5 Keys to Keeping Your Data Secure

Protect yourself from would-be identity thieves.

Chances are, you may have been swindled at some point in your life, or you know someone who has. Nearly half of consumers surveyed recently by Stanford University's Center on Longevity and the Finra Investor Education Foundation reported being a victim of financial fraud in the previous year—a far higher tally than earlier surveys indicated. No socioeconomic or demographic group is immune. "Men and women, college students and retirees, rich and poor—all are potential targets," the report's authors found. Nearly 40% of victims never told anyone about the fraud.

Estimates are problematic, but Americans are thought to lose some $50 billion a year to financial scams. And there are indirect costs: bounced checks, late fees, trouble meeting monthly expenses and even bankruptcy. So it's not surprising that the emotional cost of fraud is also high, with 50% of victims reporting severe stress and more than one-third citing depression. The toll is compounded for senior victims, who have little time to make up for lost resources. "When elderly people lose their life savings, they lose hope," says Ricky Locklar, an investment fraud investigator at the Alabama Securities Commission. "To me, those crimes are worse than someone robbing the corner drugstore at gunpoint."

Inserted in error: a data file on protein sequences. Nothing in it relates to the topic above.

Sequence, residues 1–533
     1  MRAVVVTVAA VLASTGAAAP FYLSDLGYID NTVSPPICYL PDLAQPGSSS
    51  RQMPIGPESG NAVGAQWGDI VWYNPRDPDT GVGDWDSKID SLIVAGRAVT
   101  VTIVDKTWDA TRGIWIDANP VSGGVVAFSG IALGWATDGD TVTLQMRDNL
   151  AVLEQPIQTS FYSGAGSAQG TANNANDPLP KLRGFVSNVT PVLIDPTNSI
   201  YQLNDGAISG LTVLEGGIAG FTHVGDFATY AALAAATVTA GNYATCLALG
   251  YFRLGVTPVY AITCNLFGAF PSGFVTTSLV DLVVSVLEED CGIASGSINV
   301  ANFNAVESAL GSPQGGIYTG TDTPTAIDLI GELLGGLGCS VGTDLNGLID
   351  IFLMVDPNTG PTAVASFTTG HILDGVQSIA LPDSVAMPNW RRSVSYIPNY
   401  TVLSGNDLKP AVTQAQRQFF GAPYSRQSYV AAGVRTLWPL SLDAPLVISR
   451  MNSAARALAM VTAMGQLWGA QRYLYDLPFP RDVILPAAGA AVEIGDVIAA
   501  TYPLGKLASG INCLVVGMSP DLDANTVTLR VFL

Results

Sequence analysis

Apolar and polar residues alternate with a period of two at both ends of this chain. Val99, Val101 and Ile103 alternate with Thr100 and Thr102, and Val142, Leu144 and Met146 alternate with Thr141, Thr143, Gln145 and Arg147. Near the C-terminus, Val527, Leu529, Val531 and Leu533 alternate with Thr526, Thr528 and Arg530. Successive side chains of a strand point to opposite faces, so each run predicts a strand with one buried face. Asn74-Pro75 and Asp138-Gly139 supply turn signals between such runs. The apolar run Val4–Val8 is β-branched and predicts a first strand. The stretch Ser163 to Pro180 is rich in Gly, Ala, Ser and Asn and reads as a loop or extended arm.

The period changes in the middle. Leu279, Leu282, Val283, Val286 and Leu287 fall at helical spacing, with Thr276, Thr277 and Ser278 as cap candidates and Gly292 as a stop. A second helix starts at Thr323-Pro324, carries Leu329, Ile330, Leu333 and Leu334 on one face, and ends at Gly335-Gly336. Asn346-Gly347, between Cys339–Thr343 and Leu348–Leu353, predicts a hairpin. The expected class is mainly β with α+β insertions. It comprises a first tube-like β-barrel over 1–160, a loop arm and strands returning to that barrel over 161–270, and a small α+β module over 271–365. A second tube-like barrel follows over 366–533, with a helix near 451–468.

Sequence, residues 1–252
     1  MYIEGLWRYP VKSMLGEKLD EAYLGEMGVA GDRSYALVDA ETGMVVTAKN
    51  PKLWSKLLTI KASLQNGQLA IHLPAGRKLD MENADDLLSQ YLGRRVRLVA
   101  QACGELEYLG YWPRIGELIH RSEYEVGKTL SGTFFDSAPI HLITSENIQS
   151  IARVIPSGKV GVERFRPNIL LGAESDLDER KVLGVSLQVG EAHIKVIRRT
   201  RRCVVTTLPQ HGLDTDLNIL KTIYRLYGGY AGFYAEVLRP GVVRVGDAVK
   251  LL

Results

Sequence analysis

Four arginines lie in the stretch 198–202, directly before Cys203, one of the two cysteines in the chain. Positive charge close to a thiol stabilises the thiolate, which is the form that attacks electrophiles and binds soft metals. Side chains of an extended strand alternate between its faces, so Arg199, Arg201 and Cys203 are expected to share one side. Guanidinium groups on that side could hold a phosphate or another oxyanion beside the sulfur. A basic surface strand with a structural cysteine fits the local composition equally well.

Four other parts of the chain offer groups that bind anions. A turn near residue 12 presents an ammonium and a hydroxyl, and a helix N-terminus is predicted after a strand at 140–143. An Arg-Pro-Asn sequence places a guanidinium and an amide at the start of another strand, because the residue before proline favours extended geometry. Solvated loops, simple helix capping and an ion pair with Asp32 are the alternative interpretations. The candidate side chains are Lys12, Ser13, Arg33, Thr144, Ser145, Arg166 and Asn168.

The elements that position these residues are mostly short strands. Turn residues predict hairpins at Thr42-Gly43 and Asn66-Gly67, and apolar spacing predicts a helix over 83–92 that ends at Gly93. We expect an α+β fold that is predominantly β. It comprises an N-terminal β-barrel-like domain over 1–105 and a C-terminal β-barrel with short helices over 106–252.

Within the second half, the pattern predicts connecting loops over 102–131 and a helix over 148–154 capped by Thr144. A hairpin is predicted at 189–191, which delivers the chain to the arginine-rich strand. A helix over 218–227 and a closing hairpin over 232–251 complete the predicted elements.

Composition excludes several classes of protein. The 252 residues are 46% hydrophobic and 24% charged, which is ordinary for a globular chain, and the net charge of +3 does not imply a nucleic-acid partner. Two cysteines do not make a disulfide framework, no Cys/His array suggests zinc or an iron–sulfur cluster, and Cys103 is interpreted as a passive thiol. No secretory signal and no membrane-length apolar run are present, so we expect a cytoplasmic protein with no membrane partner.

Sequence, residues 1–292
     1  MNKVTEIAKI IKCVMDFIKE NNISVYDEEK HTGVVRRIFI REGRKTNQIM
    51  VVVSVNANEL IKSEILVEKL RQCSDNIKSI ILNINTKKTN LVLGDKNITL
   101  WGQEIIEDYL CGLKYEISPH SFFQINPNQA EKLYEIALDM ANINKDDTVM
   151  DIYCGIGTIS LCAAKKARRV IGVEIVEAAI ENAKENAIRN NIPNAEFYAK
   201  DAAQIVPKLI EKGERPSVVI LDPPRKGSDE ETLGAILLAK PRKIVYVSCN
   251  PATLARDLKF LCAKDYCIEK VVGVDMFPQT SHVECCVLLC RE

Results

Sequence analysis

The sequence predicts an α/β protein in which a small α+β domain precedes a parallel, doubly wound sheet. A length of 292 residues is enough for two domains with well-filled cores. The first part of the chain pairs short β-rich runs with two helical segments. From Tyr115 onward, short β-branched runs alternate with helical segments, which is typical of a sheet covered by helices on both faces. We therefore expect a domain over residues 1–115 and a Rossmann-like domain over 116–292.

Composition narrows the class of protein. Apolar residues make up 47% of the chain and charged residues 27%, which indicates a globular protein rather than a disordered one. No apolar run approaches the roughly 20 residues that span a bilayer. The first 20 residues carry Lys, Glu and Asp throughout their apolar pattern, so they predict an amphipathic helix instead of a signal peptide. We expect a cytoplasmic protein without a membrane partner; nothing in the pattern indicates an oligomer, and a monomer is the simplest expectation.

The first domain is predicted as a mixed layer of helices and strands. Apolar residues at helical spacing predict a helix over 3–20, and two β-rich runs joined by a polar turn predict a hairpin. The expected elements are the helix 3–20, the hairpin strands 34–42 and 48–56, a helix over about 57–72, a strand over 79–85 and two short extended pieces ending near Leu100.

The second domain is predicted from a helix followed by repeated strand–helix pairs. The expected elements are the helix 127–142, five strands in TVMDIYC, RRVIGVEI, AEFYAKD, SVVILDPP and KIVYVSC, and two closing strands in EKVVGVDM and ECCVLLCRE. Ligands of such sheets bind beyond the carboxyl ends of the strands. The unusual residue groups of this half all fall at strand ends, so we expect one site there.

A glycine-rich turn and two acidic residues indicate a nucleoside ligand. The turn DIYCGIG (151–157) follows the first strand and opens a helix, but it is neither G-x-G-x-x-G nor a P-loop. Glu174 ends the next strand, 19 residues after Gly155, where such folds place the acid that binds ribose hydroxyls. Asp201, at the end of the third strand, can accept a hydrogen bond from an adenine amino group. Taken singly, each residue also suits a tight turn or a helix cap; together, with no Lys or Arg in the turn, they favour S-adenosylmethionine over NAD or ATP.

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Lisa Gerstner
Editor, Kiplinger Personal Finance magazine

Lisa has been the editor of Kiplinger Personal Finance since June 2023. Previously, she spent more than a decade reporting and writing for the magazine on a variety of topics, including credit, banking and retirement. She has shared her expertise as a guest on the Today Show, CNN, Fox, NPR, Cheddar and many other media outlets around the nation. Lisa graduated from Ball State University and received the school’s “Graduate of the Last Decade” award in 2014. A military spouse, she has moved around the U.S. and currently lives in the Philadelphia area with her husband and two sons.